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Antibiotics In Acute Respiratory Failure

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  • 1. Antibiotics in Acute Respiratory Failure dr shabeel pn www.hi-dentfinishingschool.blogspot.com
  • 2. Definitions
    • ALI- acute onset of impaired gas exchange PaO 2 /FIO 2 <300
    • ARDS- PaO 2 /FIO 2 <200
    • Oxygenation index=( MAP x FI02/Pao2)x100
  • 3. Acute Lung Injury
    • CAP
    • HIV-associated pneumonia
    • HAP/VAP
    • Viral lung disease
  • 4. Definition CAP
    • Acute infection (less than 14 days) acquired in the community, of the lower respiratory tract, leading to cough or difficulty breathing, tachypnoea or chest-wall indrawing
    • Accounts for 30-40% of all hospital admissions
    • Case fatality rate 15-28%
    Zar HJ, et al SAMJ 2005
  • 5. Causes CAP
    • Bacterial:
    • - Strep Pneumoniae
    • - Haemophilus influenzae
    • - Staph aureus
    • - Moraxella catarrhalis
    • Atypical bacteria
    • - Mycoplasma pneumoniae
    • - Chlamydaphila pneumoniae/trachomatis
    • Viral
    • - RSV
    • - Human metapneumovirus
    • - Parainfluenza
    • - Adenovirus
    • - Influenza
    • - Rhinovirus
    • - Measles virus
  • 6. Causes of CAP
    • In addition in HIV-infected children
    • Gram-negative bacteria
    • Staph aureus (including CA-MRSA)
    • TB
    • Fungi
  • 7. Organisms cultured - Ward
  • 8. Treatment CAP
    • Antibiotis for all – Amoxicillin (90mg/kg/day tds 5 days) – (IV Ampicillin)
    • < 2 months add aminoglycoside/cephalosporin
    • > 5 years add macrolide
    • HIV - infection add aminoglycoside
    • HIV - exposed < 6 months add cotrimoxazole
    • AIDS add cotrimoxazole
    Zar HJ, et al SAMJ 2005
  • 9. HIV-infected children
    • No evidence that PK/PD principles are different to healthy children
    • All specimens showed resistance to co-trimoxazole.
    • Savitree Chaloryoo International Journal of Pediatric Otorhinolaryngology 1998; 44: 103-107
    • Brink A. Personnel communication
  • 10. PCP Pneumonia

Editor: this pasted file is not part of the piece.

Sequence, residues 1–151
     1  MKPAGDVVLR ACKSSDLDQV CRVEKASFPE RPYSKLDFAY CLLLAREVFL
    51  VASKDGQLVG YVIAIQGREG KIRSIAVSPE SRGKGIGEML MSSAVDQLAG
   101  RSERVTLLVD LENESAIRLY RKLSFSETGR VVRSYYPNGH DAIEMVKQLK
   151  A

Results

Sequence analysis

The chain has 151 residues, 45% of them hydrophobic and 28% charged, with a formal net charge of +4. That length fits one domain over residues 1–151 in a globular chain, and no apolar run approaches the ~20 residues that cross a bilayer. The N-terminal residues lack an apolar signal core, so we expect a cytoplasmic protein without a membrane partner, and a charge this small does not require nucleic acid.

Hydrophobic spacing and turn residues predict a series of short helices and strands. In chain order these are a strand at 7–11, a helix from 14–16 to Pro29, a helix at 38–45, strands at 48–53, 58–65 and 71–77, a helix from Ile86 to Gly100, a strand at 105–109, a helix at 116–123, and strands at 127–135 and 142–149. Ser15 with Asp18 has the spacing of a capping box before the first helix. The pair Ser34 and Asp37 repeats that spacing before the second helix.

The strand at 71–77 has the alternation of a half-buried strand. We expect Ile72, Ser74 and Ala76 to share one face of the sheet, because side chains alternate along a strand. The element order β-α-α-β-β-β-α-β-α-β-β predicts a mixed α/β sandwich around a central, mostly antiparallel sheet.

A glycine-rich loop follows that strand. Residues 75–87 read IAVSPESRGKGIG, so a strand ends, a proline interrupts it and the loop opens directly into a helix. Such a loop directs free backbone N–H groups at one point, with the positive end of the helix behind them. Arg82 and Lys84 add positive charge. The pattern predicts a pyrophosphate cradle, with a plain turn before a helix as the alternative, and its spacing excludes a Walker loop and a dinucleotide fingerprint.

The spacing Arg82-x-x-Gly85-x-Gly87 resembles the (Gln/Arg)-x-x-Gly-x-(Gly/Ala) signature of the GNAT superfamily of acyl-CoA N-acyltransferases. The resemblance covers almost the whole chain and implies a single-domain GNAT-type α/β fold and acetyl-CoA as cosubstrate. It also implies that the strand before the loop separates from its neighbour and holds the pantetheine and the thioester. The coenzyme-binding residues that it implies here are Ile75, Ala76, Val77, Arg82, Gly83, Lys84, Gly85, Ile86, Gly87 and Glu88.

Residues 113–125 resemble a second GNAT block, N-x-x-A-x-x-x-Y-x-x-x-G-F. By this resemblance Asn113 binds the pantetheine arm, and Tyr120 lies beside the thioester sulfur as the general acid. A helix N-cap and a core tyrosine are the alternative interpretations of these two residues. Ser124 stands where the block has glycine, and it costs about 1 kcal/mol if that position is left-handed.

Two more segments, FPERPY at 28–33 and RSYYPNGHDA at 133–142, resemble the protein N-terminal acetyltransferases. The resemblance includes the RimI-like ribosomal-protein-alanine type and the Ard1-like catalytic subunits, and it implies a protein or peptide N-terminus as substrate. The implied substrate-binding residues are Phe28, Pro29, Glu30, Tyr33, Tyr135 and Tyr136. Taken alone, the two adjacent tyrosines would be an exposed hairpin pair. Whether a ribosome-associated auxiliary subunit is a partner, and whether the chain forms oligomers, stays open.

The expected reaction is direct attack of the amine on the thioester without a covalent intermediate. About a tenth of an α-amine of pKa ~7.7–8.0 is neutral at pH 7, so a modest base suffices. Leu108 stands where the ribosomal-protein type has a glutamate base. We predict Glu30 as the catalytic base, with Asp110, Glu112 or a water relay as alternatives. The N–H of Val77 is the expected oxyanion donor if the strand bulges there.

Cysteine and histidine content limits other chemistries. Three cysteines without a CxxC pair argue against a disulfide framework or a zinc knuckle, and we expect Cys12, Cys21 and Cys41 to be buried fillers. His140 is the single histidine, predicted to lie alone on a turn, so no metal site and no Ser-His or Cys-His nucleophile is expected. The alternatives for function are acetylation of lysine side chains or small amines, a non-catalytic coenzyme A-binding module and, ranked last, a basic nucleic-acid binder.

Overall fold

• Diagnosis:
    • - Immune compromised
    • - Respiratory distress and few crepitations
    • - Interstitial pattern on CXR
    • - LDH > 500
    • - PCR
  • 11. 3. Fluids in ARDS/ALI
    • NHLBI and ARDS net - FACTT trial
    • Conservative fluid management strategy favoured
    • Increase in ventilator free days and reduction in ICU stay, lower OI, plateau pressure, PEEP, higher PaO 2 /FIO 2
    • No increase rates of shock or renal failure
    • Need to closely monitor electrolytes
    • Calfee CS, Matthay MA. Chest 2007;131:913-19
  • 12. Managing Severe PCP Pneumonia
    • Lung protective strategies (low tidal volume, high PEEP)
    • Fluid restriction
    • TMX/SMX
    • Oral steroids
    • Treating CMV pneumonitis – Ganciclovir
    • Early introduction HAART
  • 13. Survival analysis, adjusted age and hospital Hazard ratio 0.54, 95% CI(0.29-1.02), p value 0.06 Hazard ratio 0.54 95% CI(0.29-1.02) p value 0.06
  • 14. CMV Pneumonitis
    • Diagnosis:
    • - CMV viral load > 10 000 copies/ml - Blood
    • CMV PCR – NBBAL
    • Treatment:
    • Ganciclovir (10mg/kg/dose BD)
    • Duration – 3 weeks after starting HAART
  • 15. HAP Definition
    • HAP – Pneumonia developing more than 48 hours after admission to hospital
    • VAP – Nosocomial infection occuring in patients receiving mechanical ventilation that is not present at the time of intubation and develops more than 48 hours after initiation of ventilation
  • 16. Epidemiology
    • Pneumonia = 2 nd most common nosocomial infection
    • Accounts for 18 – 26% of nosocomial infections
    • Children aged 2 – 12 months most affected
    • 95% of nosocomial pneumonia occurs in ventilated children
  • 17. Risk Factors
    • Immunodeficiency
    • Immunosuppression
    • Neuromuscular blockage
    • Septicaemia
    • TPN
    • Steroids
    • H2-blockers
    • Mechanical ventilation
    • Re-intubation
    • Transport while intubated
  • 18. Microbiology